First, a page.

If your home or business experienced damage as a result of these week’s flooding, it’s important to connect with repair services you can trust. Here are tips from the Better Business Bureau to protect both your money and your home or business.
Check your insurance policy – Flood damage is not covered by standard homeowners or renter’s insurance policies. In some high-risk flood areas, home and business owners may be required by law to carry flood insurance. To learn more about your Hawaii’s requirements, check with the state Insurance Commissioner.
Repairing the damage – Don't make any permanent changes to your property until you get approval from your insurance provider. They may not fully reimburse you for repairs made without their permission. Take photos of the storm damage to show your insurance company.
Get multiple opinions – Shop around and get at least three different estimates before deciding on a contractor. Make sure the estimates are broken down the same way. Watch out for high-pressure sales tactics and less than trustworthy businesses — research company profiles at BBB.org to find reputable contractors. You can find more helpful tips on choosing a reliable contractor here.
Ask for proof of liability, workers compensation, and licensing – Verify the contractor has the correct license to do work in your state. This protects you in case something happens while working on your property.
Get everything in writing – Demand a written contract from anyone you hire. Written, detailed proposals broken down into separate line items indicate that the contractor is being thorough and has prepared an accurate estimate. The following is a partial list of things your estimate or proposal should include:
- The type of material used, manufacturer, and color
- Scope of work to be done, including material and labor costs
- Who is responsible for repairing/replacing exterior landscape or interior finishes that are damaged during the work? Ensure that your contract contains language addressing who is responsible for any damage that occurs due to the job.
- Approximate starting and completion dates
- Payment procedures
- Length of warranty and what is covered, e.g., workmanship, water leakage, etc
- Who will haul away the old materials and project waste? Is there an extra charge for this service?
Beware of Scams
It is also wise to be on the lookout for scammers seeking to take advantage of an owner's haste to repair the damage. Here are a few red flags to be wary of:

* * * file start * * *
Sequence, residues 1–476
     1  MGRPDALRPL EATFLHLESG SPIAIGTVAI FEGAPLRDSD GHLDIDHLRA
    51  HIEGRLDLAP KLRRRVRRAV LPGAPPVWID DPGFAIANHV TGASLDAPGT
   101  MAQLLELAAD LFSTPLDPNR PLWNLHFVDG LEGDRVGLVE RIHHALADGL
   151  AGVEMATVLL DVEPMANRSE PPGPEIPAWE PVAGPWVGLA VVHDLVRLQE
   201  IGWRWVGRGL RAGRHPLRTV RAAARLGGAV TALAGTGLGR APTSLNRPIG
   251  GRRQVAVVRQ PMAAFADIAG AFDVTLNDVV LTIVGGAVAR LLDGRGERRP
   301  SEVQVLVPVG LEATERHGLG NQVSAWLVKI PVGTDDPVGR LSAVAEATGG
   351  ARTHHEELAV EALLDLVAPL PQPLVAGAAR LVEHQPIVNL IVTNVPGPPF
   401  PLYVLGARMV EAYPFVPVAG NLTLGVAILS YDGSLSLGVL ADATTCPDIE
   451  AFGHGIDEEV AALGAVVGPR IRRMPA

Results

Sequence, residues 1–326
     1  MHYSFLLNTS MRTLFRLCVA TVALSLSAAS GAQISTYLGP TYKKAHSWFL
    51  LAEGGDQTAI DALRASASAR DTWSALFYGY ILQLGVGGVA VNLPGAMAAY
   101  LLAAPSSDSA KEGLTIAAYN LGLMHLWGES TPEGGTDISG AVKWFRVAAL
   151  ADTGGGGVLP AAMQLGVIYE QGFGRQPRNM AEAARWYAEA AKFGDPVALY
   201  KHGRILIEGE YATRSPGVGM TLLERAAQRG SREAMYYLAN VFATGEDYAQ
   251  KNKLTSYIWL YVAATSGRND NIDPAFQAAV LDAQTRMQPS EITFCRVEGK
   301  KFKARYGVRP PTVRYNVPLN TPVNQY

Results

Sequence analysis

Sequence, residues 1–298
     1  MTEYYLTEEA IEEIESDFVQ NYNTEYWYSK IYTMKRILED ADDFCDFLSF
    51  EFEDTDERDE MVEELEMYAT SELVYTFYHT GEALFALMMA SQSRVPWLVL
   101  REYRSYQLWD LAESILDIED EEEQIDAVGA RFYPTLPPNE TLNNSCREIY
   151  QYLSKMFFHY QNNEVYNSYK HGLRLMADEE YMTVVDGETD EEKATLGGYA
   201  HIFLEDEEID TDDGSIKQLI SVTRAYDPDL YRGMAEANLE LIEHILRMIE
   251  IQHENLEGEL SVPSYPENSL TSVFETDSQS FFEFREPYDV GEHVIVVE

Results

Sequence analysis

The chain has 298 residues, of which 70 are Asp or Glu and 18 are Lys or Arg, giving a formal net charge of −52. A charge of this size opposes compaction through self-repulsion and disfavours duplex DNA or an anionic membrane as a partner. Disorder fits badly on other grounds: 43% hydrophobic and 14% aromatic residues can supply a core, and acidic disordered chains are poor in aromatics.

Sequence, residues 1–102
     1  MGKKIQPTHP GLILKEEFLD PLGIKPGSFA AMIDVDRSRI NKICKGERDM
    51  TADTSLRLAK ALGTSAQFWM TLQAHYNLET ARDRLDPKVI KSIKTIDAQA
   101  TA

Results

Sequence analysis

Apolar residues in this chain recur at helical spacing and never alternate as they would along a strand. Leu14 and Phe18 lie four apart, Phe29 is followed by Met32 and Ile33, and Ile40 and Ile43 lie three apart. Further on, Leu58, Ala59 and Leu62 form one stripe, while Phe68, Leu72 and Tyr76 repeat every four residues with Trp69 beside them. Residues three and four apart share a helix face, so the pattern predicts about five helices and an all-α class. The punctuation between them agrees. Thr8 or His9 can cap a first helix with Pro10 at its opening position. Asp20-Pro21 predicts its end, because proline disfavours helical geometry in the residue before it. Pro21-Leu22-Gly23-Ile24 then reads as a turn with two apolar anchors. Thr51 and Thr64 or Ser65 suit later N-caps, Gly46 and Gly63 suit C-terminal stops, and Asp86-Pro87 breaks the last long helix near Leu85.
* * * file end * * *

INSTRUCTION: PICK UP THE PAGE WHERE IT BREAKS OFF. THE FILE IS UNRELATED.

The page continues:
- Door-to-door workers who claim to have leftover materials. If salespeople go door-to-door, check to see if your community requires them to have solicitation permits and ask for identification. Avoid agreeing to front porch sales pitches. Instead, take your time to research the business before contacting them to pursue further details and agreements.
- A contractor who shows up unannounced and claims your home is unsafe. If you are concerned about possible structural damage in your home, have an engineer, architect, or building official inspect it. While most roofing contractors abide by the law, be careful allowing someone you do not know to inspect your roof. An unethical contractor may create damage to get work.
- Never pay in full for all repairs in advance. Avoid paying with cash and instead use a credit card if possible as it may provide you additional protection if there's a problem. While many companies may ask for a deposit, BBB suggests that no more than one-third of the job be paid upfront. Be sure the contract specifies the schedule for releasing payments to the contractor. The final payment should be made only after the work is complete and all subcontractors have been paid.
- Businesses without local addresses. When looking for a reputable business that can help with the cleanup, start by visiting org; if a company doesn't have a permanent place of business, this may be cause for concern. Always ask for references and verify them independently.
How to Prepare for a Flood Disaster
If you haven't been affected by storm damage, you should still prepare for future disasters. Here are some simple steps that businesses and homeowners can take to reduce the impact of natural disasters:
- Take pictures/video of your business or home as a point of reference in the event of an emergency.
- Back up critical digital files on a portable external hard drive and store them away from the office.
- Properly anchor fuel and propane tanks so they don't float away in case of flooding. Also, ensure you keep your fuel levels full ahead of storms.
- Have copies of your insurance policies on hand and have an electronic version available.
- Collect family photos and other mementos in a centralized and easily accessible area, preferably in a watertight container.
- Keep medicines together in a waterproof container.
- Prepare an emergency kit with a change of clothes, weather-appropriate footwear, flashlight, water, and battery or crank-operated radio to monitor the weather without electricity.
- Discuss your emergency plan with your family. Designate a "safe place" inside if you have to take shelter and a meeting place outside in case you have to evacuate.